NASHVILLE — Laughter is definitely not the best medicine for patients with multiple sclerosis (MS) — that would be disease modifying treatments — but laughter therapy did appear to have some benefit, according to researchers here.
In a pilot study of MS and other central nervous system (CNS) disorders, patients experienced some change in the mean score for depression from baseline to 8 weeks, reported Theodore Brown, MD, MPH, and Virginia Simnad, MD, both of the MS Center at EvergreenHealth in Kirkland, Washington.
However, the dropout rate was >50%, although most of the dropouts did so before attending their first laughter therapy session.
Laughter therapy has been used in the U.S. in oncology and geriatric medicine, but the small study is the first to examine the alternative treatment in a neurological setting. The authors reported their findings at the Consortium of Multiple Sclerosis Centers (CMSC) annual meeting.
The open label, 8-week trial originally included 24 patients with MS and other CNS disorders (Parkinson’s, Alzheimer’s) who were asked to attend eight weekly, 60-minute group sessions of laughter therapy.
The classes involved ≥10 activities involving laughter, including play-acting (asking participants to “evil laugh,” for example) and combining simulated laughter with body movements. Activities were performed seated and they were interspersed with conversation.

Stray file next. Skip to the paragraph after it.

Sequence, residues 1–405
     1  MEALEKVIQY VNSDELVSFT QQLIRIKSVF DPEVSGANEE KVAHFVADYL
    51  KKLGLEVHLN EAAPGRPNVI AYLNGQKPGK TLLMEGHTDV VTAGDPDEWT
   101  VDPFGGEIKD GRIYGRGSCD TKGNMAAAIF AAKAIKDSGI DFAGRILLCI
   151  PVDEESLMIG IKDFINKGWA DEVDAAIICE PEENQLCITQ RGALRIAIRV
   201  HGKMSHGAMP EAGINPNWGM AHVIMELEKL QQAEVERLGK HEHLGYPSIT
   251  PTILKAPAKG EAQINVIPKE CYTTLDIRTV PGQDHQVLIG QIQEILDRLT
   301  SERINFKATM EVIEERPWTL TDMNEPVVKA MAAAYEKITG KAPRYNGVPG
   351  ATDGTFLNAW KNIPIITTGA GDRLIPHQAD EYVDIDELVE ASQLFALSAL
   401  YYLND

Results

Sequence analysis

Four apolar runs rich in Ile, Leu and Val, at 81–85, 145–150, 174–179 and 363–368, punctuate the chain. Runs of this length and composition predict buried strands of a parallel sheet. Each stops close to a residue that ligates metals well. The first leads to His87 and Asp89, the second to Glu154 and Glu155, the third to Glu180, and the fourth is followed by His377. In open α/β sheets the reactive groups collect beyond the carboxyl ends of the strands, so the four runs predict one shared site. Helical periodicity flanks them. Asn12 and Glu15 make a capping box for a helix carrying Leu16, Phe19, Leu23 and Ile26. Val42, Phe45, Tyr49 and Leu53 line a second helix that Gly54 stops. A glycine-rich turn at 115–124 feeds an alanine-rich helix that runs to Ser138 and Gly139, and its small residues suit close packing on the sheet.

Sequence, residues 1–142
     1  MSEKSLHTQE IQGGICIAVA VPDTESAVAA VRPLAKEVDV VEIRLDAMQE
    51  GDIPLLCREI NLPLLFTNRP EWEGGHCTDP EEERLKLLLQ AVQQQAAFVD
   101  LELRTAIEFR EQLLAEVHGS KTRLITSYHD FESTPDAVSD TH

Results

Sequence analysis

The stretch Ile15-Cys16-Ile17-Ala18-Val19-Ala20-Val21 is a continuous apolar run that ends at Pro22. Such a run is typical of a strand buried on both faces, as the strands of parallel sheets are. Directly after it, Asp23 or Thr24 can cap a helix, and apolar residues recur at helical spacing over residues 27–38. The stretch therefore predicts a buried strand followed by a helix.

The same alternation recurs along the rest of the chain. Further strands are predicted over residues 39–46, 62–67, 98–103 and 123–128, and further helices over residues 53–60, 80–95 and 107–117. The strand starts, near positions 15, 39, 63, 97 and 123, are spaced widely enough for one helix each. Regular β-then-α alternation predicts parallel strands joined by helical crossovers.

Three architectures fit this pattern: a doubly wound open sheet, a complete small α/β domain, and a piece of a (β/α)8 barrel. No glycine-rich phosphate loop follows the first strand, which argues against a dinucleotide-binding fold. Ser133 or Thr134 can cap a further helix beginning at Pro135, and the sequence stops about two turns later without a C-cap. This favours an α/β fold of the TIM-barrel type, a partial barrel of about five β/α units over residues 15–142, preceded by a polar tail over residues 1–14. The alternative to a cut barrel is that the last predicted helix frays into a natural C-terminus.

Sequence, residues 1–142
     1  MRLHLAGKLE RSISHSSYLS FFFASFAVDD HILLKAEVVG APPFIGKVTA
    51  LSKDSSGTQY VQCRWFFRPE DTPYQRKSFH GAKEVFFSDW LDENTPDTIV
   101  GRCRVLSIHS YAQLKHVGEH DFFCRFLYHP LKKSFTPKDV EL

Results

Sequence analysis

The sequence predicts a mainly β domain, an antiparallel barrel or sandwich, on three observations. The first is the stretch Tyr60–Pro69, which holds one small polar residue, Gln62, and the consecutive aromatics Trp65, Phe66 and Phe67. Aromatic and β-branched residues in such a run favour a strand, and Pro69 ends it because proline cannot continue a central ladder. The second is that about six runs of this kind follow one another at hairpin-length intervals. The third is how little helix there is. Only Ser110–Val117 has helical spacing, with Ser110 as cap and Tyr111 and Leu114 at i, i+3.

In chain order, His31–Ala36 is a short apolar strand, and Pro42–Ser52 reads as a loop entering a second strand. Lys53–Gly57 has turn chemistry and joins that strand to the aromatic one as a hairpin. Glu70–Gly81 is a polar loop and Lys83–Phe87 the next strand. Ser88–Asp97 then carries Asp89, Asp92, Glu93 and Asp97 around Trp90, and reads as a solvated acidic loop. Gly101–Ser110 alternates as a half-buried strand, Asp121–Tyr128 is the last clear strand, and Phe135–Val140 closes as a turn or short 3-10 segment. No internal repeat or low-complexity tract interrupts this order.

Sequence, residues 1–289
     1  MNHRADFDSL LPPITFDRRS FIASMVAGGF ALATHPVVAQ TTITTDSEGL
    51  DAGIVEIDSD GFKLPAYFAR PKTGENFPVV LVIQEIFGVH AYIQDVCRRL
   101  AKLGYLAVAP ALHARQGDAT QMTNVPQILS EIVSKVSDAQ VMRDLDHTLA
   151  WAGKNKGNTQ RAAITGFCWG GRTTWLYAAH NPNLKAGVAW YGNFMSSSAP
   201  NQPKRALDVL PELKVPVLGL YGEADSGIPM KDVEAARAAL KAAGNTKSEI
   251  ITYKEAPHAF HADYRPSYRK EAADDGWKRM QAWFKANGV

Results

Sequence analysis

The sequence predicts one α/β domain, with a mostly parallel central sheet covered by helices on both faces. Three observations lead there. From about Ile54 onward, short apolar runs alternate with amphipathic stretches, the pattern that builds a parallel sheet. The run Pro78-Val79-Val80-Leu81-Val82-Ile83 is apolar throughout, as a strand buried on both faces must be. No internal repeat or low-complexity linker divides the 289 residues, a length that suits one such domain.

“We weren’t telling people jokes to make them laugh. That wasn’t the idea,” Brown told MedPage Today. “It was more like a breathing exercise, only we were asking people to laugh for roughly 3 minutes periodically during a session. And for the people who were willing to go with it, there were some benefits in overall well-being.”
The hypotheses were that laughter therapy would improve depression and anxiety as measured by the Patient Health Questionnaire-9 (PHQ-9) and 7-Item Generalized Anxiety Disorder Scale (GAD-7), and that the effects would be sustained for 8 weeks, the authors explained.
For the participants who completed the study protocol, the mean baseline and week-8 scores and mean change were as follows:
- PHQ-9: 6.8, 5.2 (-1.6 reduction in score, indicated less depression)
- GAD-7: 2.8, 2.9 (+0.1, indicated no change in anxiety level)
Among patients who attended the sessions, laughter therapy was well tolerated, Brown said.
Although the pilot study did not address this, Brown said laughter therapy may be most beneficial among MS and other neurological disorder patients with severe disabilities.
“Patients who can’t walk, or might be severely limited in the types of exercises, they can do might find this useful,” he said. “As long as patients can still breathe they can laugh. It’s a universal thing.”
CMSC CEO June Halper, MSN, said laughter therapy could be beneficial in MS since depression and fatigue are so common.
“The more depressed someone gets the more fatigued they are, and visa versa. It’s a vicious circle,” she told MedPage Today. “It makes sense that laughter might help break the cycle.”
Brown disclosed relevant relationships with Biogen, Astellas, Merck, Ibsen Pharmaceutical, Sanoﬁ Genzyme, and Teva Neuroscience. Simnad disclosed relevant relationships with Biogen and Novartis.
Source: | https://www.medpagetoday.com/meetingcoverage/cmsc/73248 | | | https://clf1.medpagetoday.com/media/images/73xxx/73248.jpg |